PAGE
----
Correlation of ultrasound imaging with histopathological findings in gestational trophoblastic disease
Introduction: Gestational trophoblastic diseases include a spectrum of pregnancy-related diseases caused by abnormal proliferation of the placenta. The main aim of this study was to correlate ultrasound imaging with histopathological findings.
Method: This is the retrospective chart review of findings of transabdominal ultrasonography in clinically suspected gestational trophoblastic diseases which were confirmed by histopathology after the evacuation of a product of conception during 3 years from 2016 to 2019 at Patan Hospital, Patan Academy of Health Sciences Nepal. The accuracy of sonography was correlated with histopathological findings and analyzed by Fisher’s Exact or Pearson’s Chi-square tests. The study was approved ethically.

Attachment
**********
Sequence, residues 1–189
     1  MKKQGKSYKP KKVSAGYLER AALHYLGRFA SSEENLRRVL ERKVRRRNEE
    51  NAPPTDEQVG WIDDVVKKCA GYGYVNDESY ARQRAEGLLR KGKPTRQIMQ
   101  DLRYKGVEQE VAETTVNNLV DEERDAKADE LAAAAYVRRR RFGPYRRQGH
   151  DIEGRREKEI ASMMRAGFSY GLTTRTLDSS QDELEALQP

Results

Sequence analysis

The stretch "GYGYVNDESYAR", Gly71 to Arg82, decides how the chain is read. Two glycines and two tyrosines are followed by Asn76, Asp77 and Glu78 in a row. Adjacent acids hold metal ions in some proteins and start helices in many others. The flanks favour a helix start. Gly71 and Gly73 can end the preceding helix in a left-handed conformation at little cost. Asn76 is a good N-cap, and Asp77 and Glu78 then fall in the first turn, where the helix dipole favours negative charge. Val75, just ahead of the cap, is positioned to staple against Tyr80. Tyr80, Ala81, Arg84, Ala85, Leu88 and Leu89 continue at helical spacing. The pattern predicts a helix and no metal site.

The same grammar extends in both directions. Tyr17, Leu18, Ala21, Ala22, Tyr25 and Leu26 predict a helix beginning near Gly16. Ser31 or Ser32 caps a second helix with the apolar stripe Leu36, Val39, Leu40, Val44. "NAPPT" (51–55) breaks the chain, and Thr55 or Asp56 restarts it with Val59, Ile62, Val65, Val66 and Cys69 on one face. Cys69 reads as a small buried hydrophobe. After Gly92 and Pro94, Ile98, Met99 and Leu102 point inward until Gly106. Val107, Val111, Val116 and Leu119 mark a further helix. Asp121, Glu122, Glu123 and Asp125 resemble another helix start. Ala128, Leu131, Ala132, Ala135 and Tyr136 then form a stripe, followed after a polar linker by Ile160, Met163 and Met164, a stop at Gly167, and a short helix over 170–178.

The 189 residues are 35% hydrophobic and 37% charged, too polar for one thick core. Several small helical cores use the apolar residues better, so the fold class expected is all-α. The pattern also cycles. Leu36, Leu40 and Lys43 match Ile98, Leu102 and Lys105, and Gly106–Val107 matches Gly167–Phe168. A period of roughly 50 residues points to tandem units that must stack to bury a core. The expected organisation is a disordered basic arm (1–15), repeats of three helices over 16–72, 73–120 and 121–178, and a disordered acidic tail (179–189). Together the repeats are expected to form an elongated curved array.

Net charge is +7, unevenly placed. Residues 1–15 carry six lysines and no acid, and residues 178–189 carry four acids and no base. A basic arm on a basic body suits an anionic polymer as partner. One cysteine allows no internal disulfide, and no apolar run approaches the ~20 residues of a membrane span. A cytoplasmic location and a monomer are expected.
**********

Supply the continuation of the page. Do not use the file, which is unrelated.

Result: Among 155 clinically suspected gestational trophoblastic diseases, ultrasonography was accurate in 141(91.0%) and confirmed by histopathology; 14(9.0%) were non-molar miscarriages. In 141 histologically confirmed trophoblastic disease, 110(71.0 %) were partial mole, 15(9.7%) complete mole, 12(7.7%) invasive mole and 3(1.9 %) persistent mole, and 1(0.6%) choriocarcinoma. Snowstorm appearance and absence of fetus were statistically significant ultrasonography findings.
Conclusion: The ultrasound is a reliable non-invasive first-line imaging modality for the diagnosis of gestational trophoblastic diseases and had an accuracy of 91% as confirmed by histopathology in this study.
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